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How can I work better with a manager who is stubborn with documentation

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Senior Software Engineer at Taro Communitya month ago

My manager is putting lot of emphasis on documentation .
It consumes lots of time to document almost everything and its equally challenging to keep it updated as well. For example, if we are doing some dev work or exploring a new tool , we are expected to document everything step by step. (I am ok with creating regular design docs, onboarding docs etc).

I believe one has to find a sweet spot (or strike right balance between actual dev work and documentation ) . Any tips on how to deal with this ?



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    Entry-Level Software Engineer [SDE 1] at Amazon
    a month ago

    In my experience, there are a few situations where up-to-date documentation makes sense. For example

    • Onboarding new engineers to the team
    • Oncall runbook on how to diagnose/fix/rollback common issues
    • Onboarding team members to a new service, how can a team member compile/start/run the code and start tinkering? What are the coding standards/guidelines for that repository, etc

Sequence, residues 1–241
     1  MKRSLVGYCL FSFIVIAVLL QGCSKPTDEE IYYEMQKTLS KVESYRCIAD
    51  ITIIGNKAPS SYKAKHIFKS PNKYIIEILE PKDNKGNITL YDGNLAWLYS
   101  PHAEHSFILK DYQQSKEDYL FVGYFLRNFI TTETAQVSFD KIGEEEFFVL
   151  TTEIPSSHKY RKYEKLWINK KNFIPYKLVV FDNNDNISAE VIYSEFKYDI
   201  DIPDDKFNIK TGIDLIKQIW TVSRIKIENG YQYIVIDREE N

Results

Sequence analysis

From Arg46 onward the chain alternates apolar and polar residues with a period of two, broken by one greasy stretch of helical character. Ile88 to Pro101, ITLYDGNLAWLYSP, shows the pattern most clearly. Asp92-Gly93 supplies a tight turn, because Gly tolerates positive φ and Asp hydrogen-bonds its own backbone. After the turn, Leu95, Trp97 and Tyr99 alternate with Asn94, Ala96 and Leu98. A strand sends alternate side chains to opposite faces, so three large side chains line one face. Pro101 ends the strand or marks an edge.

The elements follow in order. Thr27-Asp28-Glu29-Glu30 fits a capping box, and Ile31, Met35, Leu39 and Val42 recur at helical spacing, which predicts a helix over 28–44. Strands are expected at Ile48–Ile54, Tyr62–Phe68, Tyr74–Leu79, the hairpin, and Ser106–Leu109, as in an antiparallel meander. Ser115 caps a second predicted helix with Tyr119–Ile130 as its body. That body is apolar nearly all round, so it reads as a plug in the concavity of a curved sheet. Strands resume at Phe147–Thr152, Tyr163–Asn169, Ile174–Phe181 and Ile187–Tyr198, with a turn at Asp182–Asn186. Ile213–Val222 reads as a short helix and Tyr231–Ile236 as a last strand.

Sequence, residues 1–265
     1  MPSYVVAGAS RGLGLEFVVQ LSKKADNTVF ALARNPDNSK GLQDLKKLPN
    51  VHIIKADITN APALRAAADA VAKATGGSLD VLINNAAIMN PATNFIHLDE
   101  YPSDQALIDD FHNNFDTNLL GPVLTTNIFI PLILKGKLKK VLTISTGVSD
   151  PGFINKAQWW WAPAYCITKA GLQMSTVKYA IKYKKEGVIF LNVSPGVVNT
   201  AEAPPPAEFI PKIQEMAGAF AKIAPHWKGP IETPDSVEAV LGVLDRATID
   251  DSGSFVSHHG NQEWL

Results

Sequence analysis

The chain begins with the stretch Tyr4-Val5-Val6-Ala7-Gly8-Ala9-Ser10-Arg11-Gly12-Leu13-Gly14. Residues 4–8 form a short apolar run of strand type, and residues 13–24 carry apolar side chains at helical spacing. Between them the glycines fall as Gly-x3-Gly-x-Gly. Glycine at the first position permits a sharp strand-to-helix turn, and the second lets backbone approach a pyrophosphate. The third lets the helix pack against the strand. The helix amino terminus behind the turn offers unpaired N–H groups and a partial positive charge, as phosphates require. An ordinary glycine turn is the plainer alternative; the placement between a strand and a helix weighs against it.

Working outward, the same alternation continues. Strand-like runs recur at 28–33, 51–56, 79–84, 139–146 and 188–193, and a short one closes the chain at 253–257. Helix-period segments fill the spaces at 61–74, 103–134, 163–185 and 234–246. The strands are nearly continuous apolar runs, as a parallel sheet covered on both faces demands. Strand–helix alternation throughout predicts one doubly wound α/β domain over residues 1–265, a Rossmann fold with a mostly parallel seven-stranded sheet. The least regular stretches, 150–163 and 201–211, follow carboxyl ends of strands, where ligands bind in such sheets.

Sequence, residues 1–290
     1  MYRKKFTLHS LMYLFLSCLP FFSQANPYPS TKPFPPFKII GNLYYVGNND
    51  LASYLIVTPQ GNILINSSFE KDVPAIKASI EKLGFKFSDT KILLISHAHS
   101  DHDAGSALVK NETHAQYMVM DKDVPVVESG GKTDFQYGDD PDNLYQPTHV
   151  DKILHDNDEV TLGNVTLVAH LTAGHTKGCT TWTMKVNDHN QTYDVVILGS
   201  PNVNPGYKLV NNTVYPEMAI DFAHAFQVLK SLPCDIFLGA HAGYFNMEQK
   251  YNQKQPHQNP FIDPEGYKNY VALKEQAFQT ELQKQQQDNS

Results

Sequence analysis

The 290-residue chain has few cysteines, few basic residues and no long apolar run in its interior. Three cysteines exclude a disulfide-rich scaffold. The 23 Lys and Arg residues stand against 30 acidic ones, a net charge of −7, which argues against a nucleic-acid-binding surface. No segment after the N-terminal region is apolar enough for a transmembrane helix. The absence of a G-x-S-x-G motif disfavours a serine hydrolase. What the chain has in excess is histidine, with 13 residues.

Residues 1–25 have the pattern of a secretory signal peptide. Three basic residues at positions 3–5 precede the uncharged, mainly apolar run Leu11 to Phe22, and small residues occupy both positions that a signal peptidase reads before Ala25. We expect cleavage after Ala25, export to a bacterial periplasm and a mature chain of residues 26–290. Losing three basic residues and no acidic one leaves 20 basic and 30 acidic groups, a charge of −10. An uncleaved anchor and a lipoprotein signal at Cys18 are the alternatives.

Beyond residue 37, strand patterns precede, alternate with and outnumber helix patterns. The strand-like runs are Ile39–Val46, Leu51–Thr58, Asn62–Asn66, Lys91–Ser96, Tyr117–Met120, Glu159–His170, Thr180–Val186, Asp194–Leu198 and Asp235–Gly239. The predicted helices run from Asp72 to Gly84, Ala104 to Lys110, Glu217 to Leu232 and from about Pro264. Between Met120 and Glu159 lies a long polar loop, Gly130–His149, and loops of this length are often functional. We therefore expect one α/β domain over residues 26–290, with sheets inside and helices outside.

• User guide on how to use the product you are developing (this documentation is for the customers but engineers should contribute to this too)
    • Design docs on how the architecture of the service works at a high level
    • Documentation that roughly outlines the stakeholders (upstream and downstream dependencies, etc)

    Quality over quantity is crucial in documentation, as it tends to become outdated. Ask yourself if the documentation you are writing falls into any of the categories above. If so, is the documentation at a sweet spot in terms of depth? I often find that documentation that's too specific cannot be understood by many and documentation that's too generic is not helpful.

    I once worked at a consultancy where we had to document every hour of our work to show clients how their money was spent. Try to avoid working with such companies if possible.

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    Eng @ Taro
    a month ago

    I would try to grade each type of documentation along how much time will each doc save versus the amount of time it will take to write and maintain each doc. It's easy to underestimate how docs can also lead to confusion if they get outdated.

    For example, if there's an onboarding doc that every new engineer will use, and it saves them each 15-20 minutes, it's probably worth creating the doc.

    For dev work, most documentation is captured within the code, PR description, or task, so it's probably not worth doing any additional documentation

    For exploring a new tool, it can depend. If it's how to use the tool, people can usually refer to that tool's docs. But, I could see a case where it might be worth it to outline the tradeoffs of a new tool versus other tools so other people can understand the history of why a tool was selected.